I would recommend this book to those who have grown up in dysfunctional families or who give or have given care to those with dementia. Those who have alcoholics in their families or are grieving lost loved ones will probably identify with characters in this book, too. The book may also help those who need to make a decision about getting institutional care for a loved one unable to continue living at home.
Of all the main characters, the only ones I might have enjoyed spending time with were Rachel and Art. The others would tend to suck away my energy.
The book is well-written except for a couple of typos in the eBook that weren’t caught by an editor. The plot moves swiftly and many of the characters become more functional as the book progresses. Those who depend on alcohol and or drugs find that they aren’t a lasting cure for pain. Those who are willing to forgive hurts and face their problems honestly discover there is hope.
Get The High Cost of Flowersat Amazon for a revealing peek into the lives of a dysfunctional family caring for their mother who is no longer herself.
The Storied Life of A. J. Fikry: A Novel
No bookseller or bibliophile should miss this book by Gabrielle Zevin. Every chapter is prefaced with A. J. Fikry’s thoughts on specific stories which turn out to be significant in the plot. And who is A .J. Fikry?
A. J. Fikry is a grieving bookseller who lost his wife less than two years prior. She died in an accident driving an author home from a signing. He’s become a grumpy 39-year-old man who tries to drown his grief in drink, and he’s lost interest in his life and his bookstore Island Books on Alice Island. He has a very rare copy of Poe’s Tamerlane which he plans to sell someday to finance his retirement. Meanwhile, he keeps it in a locked glass case in the store below the apartment where he now lives alone. He has few real friends but very specific book tastes.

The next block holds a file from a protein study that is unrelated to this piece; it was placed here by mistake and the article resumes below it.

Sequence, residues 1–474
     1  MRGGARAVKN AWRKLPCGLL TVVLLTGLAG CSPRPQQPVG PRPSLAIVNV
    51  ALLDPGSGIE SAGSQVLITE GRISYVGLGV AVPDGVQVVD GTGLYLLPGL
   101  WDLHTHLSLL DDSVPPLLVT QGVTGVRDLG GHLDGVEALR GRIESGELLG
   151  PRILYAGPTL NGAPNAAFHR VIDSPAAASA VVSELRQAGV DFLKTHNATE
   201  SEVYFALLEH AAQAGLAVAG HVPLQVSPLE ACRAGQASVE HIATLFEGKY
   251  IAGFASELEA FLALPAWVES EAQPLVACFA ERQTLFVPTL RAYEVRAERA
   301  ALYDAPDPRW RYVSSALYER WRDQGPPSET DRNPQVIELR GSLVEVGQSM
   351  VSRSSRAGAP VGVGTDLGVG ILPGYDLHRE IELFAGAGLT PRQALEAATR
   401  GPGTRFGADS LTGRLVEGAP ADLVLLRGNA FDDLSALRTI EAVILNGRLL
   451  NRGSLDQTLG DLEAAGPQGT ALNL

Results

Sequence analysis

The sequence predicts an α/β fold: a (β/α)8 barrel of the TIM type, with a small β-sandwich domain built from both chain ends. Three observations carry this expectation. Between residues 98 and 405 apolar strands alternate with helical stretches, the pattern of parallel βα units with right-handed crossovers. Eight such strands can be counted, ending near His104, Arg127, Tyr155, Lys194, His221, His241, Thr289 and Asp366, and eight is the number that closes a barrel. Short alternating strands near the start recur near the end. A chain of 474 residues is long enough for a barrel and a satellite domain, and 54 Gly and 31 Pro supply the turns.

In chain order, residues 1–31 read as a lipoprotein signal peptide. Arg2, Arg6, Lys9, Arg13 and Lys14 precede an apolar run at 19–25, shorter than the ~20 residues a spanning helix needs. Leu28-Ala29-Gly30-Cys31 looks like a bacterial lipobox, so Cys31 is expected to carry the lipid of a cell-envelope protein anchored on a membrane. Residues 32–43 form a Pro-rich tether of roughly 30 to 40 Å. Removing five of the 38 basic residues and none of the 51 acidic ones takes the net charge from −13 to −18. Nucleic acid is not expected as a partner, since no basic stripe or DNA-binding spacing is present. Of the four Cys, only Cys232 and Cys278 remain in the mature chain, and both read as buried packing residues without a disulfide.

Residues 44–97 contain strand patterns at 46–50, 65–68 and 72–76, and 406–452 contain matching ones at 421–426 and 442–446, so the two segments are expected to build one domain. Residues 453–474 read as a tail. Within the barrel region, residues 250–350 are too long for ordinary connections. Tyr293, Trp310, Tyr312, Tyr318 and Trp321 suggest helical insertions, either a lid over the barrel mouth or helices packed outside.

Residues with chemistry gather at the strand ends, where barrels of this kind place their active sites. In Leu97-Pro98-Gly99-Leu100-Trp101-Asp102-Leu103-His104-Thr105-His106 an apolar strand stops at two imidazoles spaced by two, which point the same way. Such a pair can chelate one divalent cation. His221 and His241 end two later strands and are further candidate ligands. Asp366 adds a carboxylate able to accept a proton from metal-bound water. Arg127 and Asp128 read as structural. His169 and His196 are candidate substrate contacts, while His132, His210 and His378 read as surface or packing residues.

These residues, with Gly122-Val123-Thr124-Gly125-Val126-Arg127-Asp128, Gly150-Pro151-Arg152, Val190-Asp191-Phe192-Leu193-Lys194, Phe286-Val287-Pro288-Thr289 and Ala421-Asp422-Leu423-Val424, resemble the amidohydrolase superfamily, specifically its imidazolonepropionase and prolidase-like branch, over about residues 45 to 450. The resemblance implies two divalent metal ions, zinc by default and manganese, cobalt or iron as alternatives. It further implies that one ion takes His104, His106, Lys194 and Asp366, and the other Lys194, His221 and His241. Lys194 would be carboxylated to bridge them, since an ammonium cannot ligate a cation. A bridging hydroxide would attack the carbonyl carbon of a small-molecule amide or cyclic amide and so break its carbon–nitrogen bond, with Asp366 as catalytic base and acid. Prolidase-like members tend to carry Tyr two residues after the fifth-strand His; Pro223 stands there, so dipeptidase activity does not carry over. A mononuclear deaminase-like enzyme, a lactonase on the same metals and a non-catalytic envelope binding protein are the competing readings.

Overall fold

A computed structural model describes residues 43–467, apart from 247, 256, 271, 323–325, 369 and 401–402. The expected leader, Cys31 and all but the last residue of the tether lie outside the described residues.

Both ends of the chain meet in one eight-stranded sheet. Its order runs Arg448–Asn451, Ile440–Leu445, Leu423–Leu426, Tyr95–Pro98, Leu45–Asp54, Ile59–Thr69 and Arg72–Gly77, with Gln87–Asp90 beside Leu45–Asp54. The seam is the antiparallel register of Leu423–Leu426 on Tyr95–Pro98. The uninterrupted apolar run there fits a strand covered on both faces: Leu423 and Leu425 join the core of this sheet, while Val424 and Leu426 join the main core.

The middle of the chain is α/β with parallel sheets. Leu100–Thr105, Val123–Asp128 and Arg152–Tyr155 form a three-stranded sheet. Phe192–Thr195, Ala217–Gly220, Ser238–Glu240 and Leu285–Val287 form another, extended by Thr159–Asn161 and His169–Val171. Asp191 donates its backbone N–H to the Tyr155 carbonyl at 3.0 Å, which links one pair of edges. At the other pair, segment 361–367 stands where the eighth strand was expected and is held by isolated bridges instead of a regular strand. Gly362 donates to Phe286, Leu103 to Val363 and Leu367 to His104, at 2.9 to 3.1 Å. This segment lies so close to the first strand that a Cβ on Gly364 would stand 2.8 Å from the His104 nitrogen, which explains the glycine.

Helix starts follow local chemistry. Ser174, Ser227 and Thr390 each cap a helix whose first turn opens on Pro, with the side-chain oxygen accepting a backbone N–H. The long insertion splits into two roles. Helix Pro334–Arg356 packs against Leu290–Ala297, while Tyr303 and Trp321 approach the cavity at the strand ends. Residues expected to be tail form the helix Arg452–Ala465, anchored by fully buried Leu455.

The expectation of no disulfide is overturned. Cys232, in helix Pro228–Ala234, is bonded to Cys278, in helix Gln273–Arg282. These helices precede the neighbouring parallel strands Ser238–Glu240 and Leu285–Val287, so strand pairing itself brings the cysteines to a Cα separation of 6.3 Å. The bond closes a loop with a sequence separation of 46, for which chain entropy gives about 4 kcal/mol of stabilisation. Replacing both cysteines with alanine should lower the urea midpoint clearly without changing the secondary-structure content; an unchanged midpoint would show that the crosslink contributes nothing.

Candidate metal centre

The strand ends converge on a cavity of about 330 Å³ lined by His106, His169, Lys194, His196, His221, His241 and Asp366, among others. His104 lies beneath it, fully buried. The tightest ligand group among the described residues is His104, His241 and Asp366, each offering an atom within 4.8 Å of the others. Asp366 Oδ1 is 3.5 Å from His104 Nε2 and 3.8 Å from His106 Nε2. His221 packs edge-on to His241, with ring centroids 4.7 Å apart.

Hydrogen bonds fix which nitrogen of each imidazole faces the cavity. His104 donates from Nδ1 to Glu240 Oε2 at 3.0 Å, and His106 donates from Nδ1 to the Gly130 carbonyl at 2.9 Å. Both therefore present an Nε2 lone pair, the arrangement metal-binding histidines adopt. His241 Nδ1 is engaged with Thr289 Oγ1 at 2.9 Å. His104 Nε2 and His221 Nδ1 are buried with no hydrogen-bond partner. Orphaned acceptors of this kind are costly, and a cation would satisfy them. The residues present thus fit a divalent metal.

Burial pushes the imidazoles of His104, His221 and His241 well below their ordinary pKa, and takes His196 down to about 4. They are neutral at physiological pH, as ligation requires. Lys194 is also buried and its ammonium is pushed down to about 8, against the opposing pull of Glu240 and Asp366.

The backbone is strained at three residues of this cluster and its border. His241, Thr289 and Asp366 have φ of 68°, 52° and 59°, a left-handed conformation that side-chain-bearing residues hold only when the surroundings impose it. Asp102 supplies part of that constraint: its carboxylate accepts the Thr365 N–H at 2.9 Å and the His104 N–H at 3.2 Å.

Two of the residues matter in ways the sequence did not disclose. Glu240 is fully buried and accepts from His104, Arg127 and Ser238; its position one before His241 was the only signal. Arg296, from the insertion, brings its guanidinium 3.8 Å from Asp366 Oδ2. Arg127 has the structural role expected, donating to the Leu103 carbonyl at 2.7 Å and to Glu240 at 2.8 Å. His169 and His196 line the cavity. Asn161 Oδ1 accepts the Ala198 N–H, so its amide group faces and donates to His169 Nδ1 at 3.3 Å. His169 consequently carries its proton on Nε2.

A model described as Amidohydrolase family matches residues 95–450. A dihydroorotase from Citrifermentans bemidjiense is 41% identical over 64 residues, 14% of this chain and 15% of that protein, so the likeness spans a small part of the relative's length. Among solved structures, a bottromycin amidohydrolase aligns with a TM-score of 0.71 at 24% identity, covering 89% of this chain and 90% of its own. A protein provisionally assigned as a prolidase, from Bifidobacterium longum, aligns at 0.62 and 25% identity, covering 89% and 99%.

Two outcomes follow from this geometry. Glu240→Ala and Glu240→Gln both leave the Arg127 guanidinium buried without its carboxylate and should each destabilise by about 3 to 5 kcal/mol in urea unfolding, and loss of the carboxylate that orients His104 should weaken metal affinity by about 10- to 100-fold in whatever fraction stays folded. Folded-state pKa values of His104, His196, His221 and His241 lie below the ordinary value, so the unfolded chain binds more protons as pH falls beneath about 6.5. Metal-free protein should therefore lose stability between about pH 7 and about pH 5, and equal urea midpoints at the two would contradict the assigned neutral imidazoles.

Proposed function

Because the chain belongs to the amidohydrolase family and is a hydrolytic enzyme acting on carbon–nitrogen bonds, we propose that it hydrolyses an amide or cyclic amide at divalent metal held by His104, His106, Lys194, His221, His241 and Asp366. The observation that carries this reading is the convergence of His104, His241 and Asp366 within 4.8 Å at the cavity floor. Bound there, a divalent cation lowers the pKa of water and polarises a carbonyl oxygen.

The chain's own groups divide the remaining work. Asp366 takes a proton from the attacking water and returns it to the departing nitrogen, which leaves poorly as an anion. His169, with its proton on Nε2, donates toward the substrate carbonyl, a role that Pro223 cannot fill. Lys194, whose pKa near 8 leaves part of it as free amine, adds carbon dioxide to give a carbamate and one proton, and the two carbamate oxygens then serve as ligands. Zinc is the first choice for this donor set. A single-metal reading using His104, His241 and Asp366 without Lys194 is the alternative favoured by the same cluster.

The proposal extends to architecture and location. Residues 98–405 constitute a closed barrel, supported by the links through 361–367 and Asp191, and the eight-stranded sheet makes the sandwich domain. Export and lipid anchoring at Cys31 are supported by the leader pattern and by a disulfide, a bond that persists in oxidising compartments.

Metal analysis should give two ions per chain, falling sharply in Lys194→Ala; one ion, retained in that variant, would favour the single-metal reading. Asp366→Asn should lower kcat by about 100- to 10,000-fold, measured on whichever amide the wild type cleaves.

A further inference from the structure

A Bad Start for a Relationship
Amelia Loman, a new sales rep with Knightley Press in the Boston area, is about to call on Fikry for the first time. She is the replacement for former rep, Harvey Rhodes. Although she has made an appointment to see Fikry, he doesn’t seem to be aware of it. She gets off to a bad start on the way to his office when her sleeve catches on a stack of books and knocks down about a hundred of them. Fikry hears the commotion, approaches her, and asks, ‘Who the hell are you?’ He tells her to leave.
A.J. says they have no meeting. He’d never gotten word of Harvey’s death. He reluctantly does let her in so she can pitch Knightley’s winter list. She doesn’t expect to get an order. She begins to tell him about her favorite book, Late Bloomer, but he says it’s not for him. He said Harvey knew what he liked and Amelia challenges him to share his likes and dislikes with her. He does.
Grief Leads to the Loss of Tamerlane
Later that night A.J. regrets treating Amelia so badly. He goes up to his apartment and reminisces about past book discussions with Harvey. He puts a frozen dinner in the microwave to heat, as usual, and while waiting he goes to the basement to flatten book boxes.
By the time he gets upstairs again his dinner is ruined. He throws it against the wall as he realizes that although Harvey meant a lot to him, he probably meant nothing to Harvey. On further reflection, he realizes that one problem of living alone is that no one even cares if you throw your dinner against the wall.
He pours a glass of wine, puts a cloth on the table, and retrieves Tamerlane from its climate-controlled case. Then he places it across the table from his chair and leans it against the chair where his wife Nic used to sit. Then he proposes a toast to it: